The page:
The different parts of speech in English. Although there are many different ways to communicate in English, it can be useful to know that there are only 9* different parts of speech from which all sentences, phrases or utterances are made.
*Some people believe that there are only 8 parts of speech, with articles being part of the adjective group.
The different parts of speech are:
Understanding which groups words are in can help you to break down sentences and improve your understanding and grammatical accuracy. Below is a table showing the different parts of speech and an example.
|Part of speech||Common use||Example|
|Verb||to describe an action||He sat.|
|Noun||To describe a thing||He sat on the chair.|
|Adverb||To describe the verb||He slowly sat on the chair.|
|Adjective||To describe the noun||He slowly sat on the tall chair.|
|Pronoun||To talk about who||He slowly sat on the tall chair.|
|Preposition||To talk about where or when||He slowly sat on the tall chair.|
|Conjunction||Used to join ideas||He slowly sat on the tall chair but fell off.|
|Article||Used to give more information about the noun||He slowly sat on the tall chair but fell off.|
|Interjection||A short exclamation – not a full sentence||Ouch! He hit the floor.|
It is also useful to keep a vocabulary list and group words together that come from the same parts of speech.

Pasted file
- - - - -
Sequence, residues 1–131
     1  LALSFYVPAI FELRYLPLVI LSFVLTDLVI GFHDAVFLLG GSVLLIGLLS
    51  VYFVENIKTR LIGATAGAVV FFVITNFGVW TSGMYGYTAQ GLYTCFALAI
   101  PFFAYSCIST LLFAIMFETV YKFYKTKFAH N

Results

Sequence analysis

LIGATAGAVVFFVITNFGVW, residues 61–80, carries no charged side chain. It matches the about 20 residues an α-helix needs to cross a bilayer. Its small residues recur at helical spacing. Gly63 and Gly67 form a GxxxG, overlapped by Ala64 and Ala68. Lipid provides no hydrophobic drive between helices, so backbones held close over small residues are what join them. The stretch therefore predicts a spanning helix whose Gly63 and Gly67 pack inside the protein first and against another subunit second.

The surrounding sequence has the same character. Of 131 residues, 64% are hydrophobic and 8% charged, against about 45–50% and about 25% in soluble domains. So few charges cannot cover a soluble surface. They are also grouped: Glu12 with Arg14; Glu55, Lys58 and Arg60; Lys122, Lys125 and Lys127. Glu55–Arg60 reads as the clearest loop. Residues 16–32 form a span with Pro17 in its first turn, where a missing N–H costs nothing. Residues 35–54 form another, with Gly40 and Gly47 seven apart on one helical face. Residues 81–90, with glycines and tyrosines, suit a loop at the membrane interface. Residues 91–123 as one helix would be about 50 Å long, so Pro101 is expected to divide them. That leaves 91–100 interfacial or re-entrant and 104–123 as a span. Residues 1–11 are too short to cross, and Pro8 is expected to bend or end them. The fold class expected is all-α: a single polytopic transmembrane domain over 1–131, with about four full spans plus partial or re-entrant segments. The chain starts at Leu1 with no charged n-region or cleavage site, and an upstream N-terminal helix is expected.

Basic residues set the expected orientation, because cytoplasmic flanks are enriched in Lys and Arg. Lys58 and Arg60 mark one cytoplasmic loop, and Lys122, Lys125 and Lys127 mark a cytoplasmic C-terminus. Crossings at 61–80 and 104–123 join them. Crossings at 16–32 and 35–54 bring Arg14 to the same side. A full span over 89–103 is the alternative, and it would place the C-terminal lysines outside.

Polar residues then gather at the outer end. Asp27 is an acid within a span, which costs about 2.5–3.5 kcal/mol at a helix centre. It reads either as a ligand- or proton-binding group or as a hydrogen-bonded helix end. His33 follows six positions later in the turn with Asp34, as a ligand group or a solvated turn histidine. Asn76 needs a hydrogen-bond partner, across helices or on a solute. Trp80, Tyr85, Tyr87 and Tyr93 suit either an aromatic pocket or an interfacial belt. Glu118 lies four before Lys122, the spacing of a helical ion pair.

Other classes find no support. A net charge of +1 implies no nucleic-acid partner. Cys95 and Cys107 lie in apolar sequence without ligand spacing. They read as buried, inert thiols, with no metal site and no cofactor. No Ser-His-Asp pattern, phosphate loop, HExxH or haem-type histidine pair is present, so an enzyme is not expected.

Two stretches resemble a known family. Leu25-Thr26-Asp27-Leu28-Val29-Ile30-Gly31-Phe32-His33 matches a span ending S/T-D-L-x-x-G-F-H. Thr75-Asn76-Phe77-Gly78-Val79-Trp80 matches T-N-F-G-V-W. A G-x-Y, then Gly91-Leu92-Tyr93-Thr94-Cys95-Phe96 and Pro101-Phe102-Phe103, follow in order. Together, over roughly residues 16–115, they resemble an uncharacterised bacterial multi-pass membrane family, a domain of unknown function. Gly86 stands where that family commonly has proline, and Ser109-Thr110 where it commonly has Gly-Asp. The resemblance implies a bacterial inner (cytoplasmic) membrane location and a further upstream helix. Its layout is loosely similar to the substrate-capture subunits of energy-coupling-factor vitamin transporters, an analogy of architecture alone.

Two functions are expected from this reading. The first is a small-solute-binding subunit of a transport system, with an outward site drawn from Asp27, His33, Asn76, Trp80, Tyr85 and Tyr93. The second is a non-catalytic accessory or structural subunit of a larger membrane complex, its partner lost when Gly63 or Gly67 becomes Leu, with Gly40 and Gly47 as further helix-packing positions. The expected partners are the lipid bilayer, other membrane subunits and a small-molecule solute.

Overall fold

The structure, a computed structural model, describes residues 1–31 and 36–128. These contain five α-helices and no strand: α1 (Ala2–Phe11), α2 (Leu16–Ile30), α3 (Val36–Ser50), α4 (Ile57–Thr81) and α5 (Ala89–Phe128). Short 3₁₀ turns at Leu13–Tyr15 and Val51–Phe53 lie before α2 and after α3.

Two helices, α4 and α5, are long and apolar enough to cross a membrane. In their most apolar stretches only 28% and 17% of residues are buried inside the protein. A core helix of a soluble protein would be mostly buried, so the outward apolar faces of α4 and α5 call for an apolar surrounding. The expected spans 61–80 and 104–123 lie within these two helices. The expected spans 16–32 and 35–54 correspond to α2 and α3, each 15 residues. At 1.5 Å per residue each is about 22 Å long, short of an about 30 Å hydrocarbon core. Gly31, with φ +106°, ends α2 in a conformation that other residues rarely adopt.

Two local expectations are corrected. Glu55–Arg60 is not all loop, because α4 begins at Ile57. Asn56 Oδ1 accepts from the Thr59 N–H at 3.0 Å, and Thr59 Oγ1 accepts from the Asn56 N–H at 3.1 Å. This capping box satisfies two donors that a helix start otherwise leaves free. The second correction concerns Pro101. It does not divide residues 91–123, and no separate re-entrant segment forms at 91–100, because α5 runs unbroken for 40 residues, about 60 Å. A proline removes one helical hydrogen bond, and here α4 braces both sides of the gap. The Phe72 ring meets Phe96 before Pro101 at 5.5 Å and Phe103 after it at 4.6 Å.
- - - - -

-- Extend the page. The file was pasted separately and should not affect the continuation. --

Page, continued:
adjectives – e.g. glamorous
You should try to also learn their antonyms and synonyms to build your vocabulary.
e.g. alluring, attractive (synonyms) – dowdy, plain (antonyms)
and think about their comparatives and superlatives e.g. – (adj) more glamorous (comparative) the most glamorous (superlative)
nouns – e.g. accommodation
(check spelling and think about articles etc) – uncountable, no ‘a’ or ‘an’
You should try to also learn their synonyms to build your vocabulary.
e.g. place of residence, dwelling, abode (synonyms)
verbs – e.g. drive
(and their past and participle forms);
prepositions – e.g. on
(with examples of their different uses),
e.g. on the sofa, but in an arm chair.
conjunctions – e.g. moreover
(with examples of use and punctuation)
Smoking is expensive; moreover, it is detrimental to health.
Ready to test you skills? Try this test to see what you know!